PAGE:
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Councillors seek Govt U-turn on tram extension

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A council push to demand the State Government revises its grand tram plan to include a right-hand turn at the intersection of King William Street and North Terrace is gathering steam, but the Transport Minister insists it would create massive delays.

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Lord Mayor Martin Haese may be forced to write to the State Government, pleading for it to reconsider the lack of a right-hand turn for trams from King William Street into North Terrace, for easy access to the East End.

However, some councillors say it would be an exercise in futility.

The Government’s tramline extension along North Terrace is designed without a right-hand turn from King William Street onto the boulevard towards the East End.

Under current plans, tram commuters travelling north along King William Street and wanting to continue on to East End will have to get off at the Rundle Mall stop and walk to a stop at Gawler Place – or alight at the stop in front of the Adelaide Railway Station and wait for another tram heading east along North Terrace.

Central Ward councillor Megan Hender has submitted a motion for tonight’s council meeting which, if agreed to, would instruct Haese to contact the Government and “confirm” that the key intersection would be designed for “maximum operational flexibility” – and that future tram services would be able to “best service the East End” by making the right-hand turn into North Terrace.

Hender’s motion has in-principle support from some councillors contacted by InDaily this morning – although many also believe it won’t make any difference to the State Government, or that it is too late for a change of course.

The council’s administration has already committed to writing to the Government on Haese’s behalf, “seeking clarification regarding the design, flexibility and service frequency of the CityLink Tram Extension Project”.

Earlier this month, InDaily revealed that the Government had considered but rejected a proposal to build tram tracks that would accommodate turns in all four directions at the King William Street / North Terrace intersection because of a $20 million extra price tag.

Transport Minister Stephen Mullighan also argued such a “grand junction” would unduly impact traffic at the intersection.

However, transport experts warned that commuters would resent having to get off one tram and board another one – either at the stop in front of Adelaide Railway Station or, after a short walk, at the stop being constructed at Gawler Place.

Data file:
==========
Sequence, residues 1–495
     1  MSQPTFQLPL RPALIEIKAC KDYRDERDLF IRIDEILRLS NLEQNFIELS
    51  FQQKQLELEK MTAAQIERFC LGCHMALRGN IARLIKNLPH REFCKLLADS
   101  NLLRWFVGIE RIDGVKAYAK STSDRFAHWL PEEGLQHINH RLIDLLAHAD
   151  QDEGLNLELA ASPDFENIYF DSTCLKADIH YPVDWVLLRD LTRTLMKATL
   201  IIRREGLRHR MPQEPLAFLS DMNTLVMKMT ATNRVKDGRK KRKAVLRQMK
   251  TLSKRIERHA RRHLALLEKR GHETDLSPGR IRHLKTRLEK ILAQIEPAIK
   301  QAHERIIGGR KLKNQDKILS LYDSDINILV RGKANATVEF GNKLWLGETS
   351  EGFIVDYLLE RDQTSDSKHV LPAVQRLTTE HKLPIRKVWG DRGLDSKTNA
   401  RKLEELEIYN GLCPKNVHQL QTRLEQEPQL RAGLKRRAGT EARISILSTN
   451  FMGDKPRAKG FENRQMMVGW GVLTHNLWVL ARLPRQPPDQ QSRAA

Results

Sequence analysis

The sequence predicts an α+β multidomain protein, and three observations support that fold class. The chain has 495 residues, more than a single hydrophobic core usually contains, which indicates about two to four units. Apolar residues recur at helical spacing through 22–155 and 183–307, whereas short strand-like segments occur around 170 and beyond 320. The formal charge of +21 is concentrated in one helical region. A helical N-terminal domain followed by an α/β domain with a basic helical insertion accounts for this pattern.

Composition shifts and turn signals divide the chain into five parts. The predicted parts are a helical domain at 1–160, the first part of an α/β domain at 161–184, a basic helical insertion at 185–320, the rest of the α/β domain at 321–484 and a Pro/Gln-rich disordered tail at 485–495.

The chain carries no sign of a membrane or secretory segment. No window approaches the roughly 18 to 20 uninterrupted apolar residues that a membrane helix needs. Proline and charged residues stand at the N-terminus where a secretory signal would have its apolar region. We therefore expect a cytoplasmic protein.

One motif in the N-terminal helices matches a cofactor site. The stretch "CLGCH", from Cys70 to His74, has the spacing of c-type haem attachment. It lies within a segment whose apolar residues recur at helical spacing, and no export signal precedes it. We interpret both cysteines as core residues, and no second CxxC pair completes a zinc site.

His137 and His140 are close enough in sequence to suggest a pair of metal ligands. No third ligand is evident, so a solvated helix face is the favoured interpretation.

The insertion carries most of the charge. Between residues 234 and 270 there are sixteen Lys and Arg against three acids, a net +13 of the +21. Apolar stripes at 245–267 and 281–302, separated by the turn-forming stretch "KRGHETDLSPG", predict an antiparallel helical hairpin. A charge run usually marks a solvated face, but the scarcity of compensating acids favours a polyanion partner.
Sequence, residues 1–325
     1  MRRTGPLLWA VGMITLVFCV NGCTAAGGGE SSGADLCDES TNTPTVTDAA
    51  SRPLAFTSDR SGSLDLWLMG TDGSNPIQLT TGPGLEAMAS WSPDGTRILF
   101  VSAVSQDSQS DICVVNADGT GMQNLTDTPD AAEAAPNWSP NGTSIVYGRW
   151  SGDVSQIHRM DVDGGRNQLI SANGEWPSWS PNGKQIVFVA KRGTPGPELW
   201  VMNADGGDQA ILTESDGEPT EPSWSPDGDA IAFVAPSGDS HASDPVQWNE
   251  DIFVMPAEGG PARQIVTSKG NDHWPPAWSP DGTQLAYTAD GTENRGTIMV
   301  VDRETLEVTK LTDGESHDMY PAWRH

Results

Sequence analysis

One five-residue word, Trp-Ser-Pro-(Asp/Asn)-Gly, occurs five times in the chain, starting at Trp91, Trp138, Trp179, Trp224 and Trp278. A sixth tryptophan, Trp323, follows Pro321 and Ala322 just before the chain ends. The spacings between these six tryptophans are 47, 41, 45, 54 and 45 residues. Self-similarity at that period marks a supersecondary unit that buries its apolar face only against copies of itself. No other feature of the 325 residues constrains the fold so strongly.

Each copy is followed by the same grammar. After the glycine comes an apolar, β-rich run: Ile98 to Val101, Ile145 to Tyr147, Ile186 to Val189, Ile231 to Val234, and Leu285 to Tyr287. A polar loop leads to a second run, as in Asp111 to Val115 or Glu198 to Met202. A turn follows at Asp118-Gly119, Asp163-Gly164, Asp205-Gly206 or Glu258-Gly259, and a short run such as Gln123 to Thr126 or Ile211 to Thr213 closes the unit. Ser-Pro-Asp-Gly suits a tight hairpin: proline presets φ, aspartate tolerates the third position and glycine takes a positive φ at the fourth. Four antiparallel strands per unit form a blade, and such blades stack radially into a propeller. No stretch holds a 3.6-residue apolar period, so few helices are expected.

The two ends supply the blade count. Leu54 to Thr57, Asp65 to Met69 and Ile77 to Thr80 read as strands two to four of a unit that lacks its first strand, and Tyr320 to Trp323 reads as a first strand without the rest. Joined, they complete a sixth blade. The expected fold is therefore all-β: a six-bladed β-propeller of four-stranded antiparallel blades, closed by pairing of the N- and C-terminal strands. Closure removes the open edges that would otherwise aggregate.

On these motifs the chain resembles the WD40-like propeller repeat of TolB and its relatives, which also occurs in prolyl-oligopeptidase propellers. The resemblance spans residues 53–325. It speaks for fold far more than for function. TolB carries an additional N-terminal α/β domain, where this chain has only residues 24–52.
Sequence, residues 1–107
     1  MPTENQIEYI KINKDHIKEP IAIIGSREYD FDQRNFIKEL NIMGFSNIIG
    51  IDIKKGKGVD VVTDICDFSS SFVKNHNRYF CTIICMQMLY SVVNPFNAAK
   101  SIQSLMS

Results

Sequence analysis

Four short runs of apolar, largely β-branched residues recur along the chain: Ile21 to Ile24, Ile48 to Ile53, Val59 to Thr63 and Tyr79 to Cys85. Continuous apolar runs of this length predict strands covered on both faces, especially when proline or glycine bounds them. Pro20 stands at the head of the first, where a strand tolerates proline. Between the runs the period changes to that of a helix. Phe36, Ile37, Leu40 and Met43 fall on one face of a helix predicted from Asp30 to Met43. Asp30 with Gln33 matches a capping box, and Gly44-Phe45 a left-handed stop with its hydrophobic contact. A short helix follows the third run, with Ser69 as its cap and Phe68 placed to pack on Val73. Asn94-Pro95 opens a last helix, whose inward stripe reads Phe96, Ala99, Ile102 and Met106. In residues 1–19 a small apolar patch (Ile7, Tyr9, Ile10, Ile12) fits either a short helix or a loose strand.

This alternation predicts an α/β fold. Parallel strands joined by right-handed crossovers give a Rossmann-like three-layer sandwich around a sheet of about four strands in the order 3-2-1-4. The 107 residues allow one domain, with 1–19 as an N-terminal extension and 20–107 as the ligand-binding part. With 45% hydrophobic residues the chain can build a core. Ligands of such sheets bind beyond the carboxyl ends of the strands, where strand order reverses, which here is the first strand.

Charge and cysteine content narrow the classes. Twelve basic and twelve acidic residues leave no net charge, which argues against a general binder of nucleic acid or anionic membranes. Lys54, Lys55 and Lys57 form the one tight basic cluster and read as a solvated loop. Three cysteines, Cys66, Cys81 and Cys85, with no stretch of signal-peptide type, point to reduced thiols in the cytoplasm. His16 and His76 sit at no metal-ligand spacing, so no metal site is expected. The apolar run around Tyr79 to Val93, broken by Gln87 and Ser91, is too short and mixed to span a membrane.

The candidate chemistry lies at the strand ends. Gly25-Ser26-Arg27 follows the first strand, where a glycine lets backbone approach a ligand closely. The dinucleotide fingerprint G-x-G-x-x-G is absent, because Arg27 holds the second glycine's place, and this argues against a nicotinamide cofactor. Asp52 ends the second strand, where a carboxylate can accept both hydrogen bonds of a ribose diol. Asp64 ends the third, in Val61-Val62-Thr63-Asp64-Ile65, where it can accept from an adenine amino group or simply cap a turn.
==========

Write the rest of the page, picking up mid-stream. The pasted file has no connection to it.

Tram carriages could turn left and right from all directions at the King William Street / North Terrace intersection before Adelaide deconstructed its extensive tram network in the late 1950s.

In a statement to InDaily this morning, Mullighan said councillors had been kept apprised of the detailed design of the tram extension before works started late last month.

“The Department of Planning, Transport and Infrastructure fully briefed councillors about the City Tram Extension Project before works began, including turning movements at the intersection of King William Street and North Terrace,” he said.

“Creating a junction with most or all turning movements for trams at the intersection would cause delays for all the other trams and road traffic at one of Adelaide’s busiest intersections, with approximately 60,000 vehicle movements a day.

“This extension is just the first stage of CityLINK and EastLINK, with future stages planned for a city loop and extension through Kent Town to the eastern suburbs.”

Works on the King William Street / North Terrace intersection are reportedly due to occur in early January 2018.

Mullighan added that: “As further expansions occur there will be more lines and more destinations.

“Our careful planning will ensure passengers will be able to transfer seamlessly from one service to another.”

Fellow Central Ward councillor Houssam Abiad said he would support Hender’s motion, but warned that it might provoke a request for the council to help fund a right-hand turn.

“I’m worried that a letter to the State Government might evoke a response of, ‘Do you guys want to assist in payment?’” said Abiad.

“It [a right-hand turn] will be a better outcome, obviously.

“[But] it’s cost versus everything else.”

Abiad has proposed a support package to protect struggling East End traders suffering the loss of customers after patients and staff moved from the old Royal Adelaide Hospital to the new Royal Adelaide Hospital.

His motion for a “Rundle Street Interim Support Package” would include parking concessions at UParks, earlier free on-street parking, and even rate concessions for East End traders.

Area councillor Anne Moran said that while Hender’s motion was “a waste of time”, and that the council should not be focusing on State Government policy, she would still consider supporting it.

“It would’ve been nice to turn right … [but] why would the council be wasting its time on that?” said Moran.

“Although I agree with her [Hender], support or not support it, it’s meaningless.”

North Ward councillor Phil Martin said he would support Hender’s motion. Area councillor Natasha Malani said: “I think it’s probably too late.”

Haese was unavailable for comment.

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